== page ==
How is this going to affect businesses looking to deploy kiosks and other technology? During the show I was constantly being asked, "What's next and new?" Everyone wants to know how to leverage social media and other techniques to reach more people. I would just like to know how to reach my kids at the dinner table when they seem more interested to surf the net or text their friends, who also don't want to speak to Mom and Dad. These kids are connected like no other generation before them. Some argue they may be anti-social, but in my experience these kids are carrying on sometimes five conversations at once and multi-tasking comes with ease.
So what is new, and how are we to reach these people?
Last year when my company built 1,500 kiosks for Hot Topic, the CEO at the time, was really trying to hit the nail on the head. She wanted her stores to become a destination for people to come and hang out. The kiosks we designed had things like USB ports for charging, hangers to hold bags and multiple headphone ports, so friends could all plug in together and listen to music. The kiosks even featured a foot rest to encourage a longer user session. Eventually, built-in Webcams will allow shoppers to take pictures and upload them directly to Facebook. At some level, certain kiosk applications have to evolve to allow for this type of free-thinking society. The user interfaces have to be intuitive, quick and innovative for this generation to care. And let's not forget these kids are young, now but they are the future. This is how things will be done in a very short time.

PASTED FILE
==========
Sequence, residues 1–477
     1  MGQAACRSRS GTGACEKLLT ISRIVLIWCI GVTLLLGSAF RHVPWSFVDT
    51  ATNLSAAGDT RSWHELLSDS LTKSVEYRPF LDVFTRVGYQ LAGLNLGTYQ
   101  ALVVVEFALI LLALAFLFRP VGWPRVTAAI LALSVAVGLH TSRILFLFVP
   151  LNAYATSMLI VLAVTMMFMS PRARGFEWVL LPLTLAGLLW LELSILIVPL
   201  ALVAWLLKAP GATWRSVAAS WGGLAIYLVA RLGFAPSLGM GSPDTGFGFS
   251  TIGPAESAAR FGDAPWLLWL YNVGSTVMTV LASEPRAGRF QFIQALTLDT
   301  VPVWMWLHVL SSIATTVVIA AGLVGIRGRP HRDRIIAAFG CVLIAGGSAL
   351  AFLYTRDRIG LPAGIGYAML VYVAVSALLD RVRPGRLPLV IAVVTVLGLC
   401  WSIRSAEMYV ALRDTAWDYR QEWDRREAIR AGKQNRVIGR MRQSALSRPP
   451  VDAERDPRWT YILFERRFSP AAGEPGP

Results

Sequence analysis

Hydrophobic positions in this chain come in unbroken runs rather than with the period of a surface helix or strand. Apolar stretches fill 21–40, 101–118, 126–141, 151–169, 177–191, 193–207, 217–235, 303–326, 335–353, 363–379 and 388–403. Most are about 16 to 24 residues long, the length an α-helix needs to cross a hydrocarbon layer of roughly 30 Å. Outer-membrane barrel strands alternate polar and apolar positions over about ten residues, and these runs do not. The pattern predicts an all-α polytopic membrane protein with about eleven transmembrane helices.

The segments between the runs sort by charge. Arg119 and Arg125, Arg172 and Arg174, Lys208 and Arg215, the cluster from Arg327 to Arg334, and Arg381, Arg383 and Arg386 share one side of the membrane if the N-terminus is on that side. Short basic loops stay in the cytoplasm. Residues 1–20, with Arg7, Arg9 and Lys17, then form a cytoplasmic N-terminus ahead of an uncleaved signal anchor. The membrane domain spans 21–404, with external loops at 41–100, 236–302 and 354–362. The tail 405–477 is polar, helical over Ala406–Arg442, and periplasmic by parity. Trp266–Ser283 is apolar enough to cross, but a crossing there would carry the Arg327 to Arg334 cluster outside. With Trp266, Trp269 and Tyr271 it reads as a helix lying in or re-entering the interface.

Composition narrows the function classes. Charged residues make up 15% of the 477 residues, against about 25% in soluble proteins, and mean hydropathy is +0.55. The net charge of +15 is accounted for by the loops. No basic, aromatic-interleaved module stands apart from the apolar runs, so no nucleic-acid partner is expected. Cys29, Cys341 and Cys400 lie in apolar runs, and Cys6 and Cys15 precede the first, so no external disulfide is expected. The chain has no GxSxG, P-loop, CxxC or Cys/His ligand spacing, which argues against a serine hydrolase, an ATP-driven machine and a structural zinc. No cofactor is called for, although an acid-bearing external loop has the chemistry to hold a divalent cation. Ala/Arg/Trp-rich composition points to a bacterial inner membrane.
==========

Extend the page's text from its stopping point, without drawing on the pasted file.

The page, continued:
The Hot Topic kiosks not only allowed you to listen to music available in the store, but they also incorporated the endless aisle concept and had everything available online that might not be in the store. If you decided to have your item sent to the store, shipping was free, which was another way to get people to come back to the store. Each store, which averaged only about 600 square feet, featured multiple kiosks.